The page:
Urban Farmers Cultivating Eight Acres in Berkeley Eager To Deploy Mountain of Compost Donated by Schnucks

Donation Marks Success of Grocer’s Food Waste Recycling Program

Berkeley’s celebrated band of urban farmers know exactly what to do with the mountain of compost being donated to them by Schnucks, the area’s largest grocer. “It comes in real handy,” said Richard Austin, 79, of Berkeley. “We haven’t had anything like this compost before. It will really help the garden. This ground hasn’t been worked on in quite some time.”

All told, Schnucks is donating three tractor trailer loads of compost to the eight-acre farm at 5294 Glencoe Avenue off North Hanley Road. The donation symbolizes the success of the company’s on-going food waste recycling initiative. According to St. Louis Composting, which is delivering the nutrient-charged product to the plot in Berkeley, 23 participating Schnucks stores across metro St. Louis have diverted more than 4.3 million pounds of food scraps away from area landfills since mid-2011.

In addition to expired bakery goods and left-over food from deli, salad bar and hot bar operations that is not suitable to donate to Operation Food Search, the region’s largest distributor of free food to the poor, Schnucks sets aside trimmings from its produce and floral departments. Teammates at the stores load the organic material into special 64-gallon totes which are collected bi-weekly by Total Organics Recycling and transported to a composting facility.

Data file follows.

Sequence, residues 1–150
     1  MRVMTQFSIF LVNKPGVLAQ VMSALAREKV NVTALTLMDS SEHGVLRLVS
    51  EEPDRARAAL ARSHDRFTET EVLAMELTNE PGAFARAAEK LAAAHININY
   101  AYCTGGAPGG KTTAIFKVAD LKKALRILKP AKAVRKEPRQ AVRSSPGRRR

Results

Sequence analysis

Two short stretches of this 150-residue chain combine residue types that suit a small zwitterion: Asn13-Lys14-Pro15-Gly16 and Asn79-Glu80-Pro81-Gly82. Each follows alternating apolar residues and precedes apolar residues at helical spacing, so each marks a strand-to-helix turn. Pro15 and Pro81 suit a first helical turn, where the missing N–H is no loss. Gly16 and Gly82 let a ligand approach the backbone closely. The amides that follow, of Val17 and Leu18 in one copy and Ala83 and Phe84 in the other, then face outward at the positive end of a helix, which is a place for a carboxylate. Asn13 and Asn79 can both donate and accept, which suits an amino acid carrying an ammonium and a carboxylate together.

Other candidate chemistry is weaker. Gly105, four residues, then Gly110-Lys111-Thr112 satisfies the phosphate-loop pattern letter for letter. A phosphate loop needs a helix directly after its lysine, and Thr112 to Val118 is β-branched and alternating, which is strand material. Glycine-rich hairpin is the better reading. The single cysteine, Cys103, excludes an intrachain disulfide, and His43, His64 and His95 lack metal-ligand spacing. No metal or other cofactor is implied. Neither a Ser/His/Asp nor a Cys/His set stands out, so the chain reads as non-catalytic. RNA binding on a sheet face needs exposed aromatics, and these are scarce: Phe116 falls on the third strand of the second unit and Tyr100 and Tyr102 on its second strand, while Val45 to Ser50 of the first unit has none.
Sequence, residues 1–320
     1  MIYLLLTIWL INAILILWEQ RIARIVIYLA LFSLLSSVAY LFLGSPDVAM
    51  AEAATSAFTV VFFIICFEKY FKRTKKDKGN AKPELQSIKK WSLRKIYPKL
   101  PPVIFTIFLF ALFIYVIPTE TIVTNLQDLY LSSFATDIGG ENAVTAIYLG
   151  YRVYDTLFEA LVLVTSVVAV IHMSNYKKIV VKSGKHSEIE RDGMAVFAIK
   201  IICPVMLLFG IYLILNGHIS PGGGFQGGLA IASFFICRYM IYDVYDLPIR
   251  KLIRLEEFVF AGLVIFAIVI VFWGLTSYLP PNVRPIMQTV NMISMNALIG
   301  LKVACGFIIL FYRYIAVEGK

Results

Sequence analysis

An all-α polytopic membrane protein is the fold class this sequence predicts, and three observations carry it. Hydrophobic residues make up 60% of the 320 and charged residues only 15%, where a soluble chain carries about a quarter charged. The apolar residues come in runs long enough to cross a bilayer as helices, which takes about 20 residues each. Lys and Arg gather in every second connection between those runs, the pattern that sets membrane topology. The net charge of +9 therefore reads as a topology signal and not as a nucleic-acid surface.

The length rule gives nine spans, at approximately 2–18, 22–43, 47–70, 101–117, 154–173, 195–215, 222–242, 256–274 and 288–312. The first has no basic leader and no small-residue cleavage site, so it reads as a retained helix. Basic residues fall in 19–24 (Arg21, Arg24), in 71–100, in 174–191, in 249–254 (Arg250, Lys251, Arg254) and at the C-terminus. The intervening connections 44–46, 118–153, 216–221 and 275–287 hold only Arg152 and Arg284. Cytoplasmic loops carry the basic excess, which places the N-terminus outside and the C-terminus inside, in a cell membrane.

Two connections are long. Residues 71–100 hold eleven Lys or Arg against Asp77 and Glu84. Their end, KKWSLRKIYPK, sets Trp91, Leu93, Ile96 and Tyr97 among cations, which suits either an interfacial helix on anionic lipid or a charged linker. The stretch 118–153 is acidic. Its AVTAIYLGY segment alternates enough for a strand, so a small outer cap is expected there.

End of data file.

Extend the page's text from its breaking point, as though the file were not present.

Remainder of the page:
Upon arrival, St. Louis Composting mixes the food scraps with other organic material, primary yard trimmings. Over the next six months, aided by precisely timed manipulation, the organic material is transformed into high-quality, all-natural compost ready to nourish gardens and lawns.

“We plan to put compost on the garden after the growing season is over to make it twice as rich for next spring,” advised Joe Spears, 70, a McDonnell Douglas retiree who resides in Rock Hill, Mo. “It will make our garden so much better next year.”

Roots of Berkeley’s Community Farm
Earlier this year, contractor Clayco, Inc. deeded the vacant eight-acre tract off North Hanley Road to a group of about 50 urban farmers hailing from across the region. The parcel replaced a nine-acre tract in Kinloch that the farmers had been free-cropping since the early 1980s. The land in Kinloch was needed to accommodate growth at NorthPark Business Park – including a distribution center in which Schnucks is investing.

An Environmentally Aware Company
Schnucks, which operates 98 stores in five states, has long recycled cardboard, plastic shopping bags and clean plastic wrappings. It has also sought to adhere to LEED (Leadership in Energy and Environmental Design) certification guidelines on its newly constructed stores.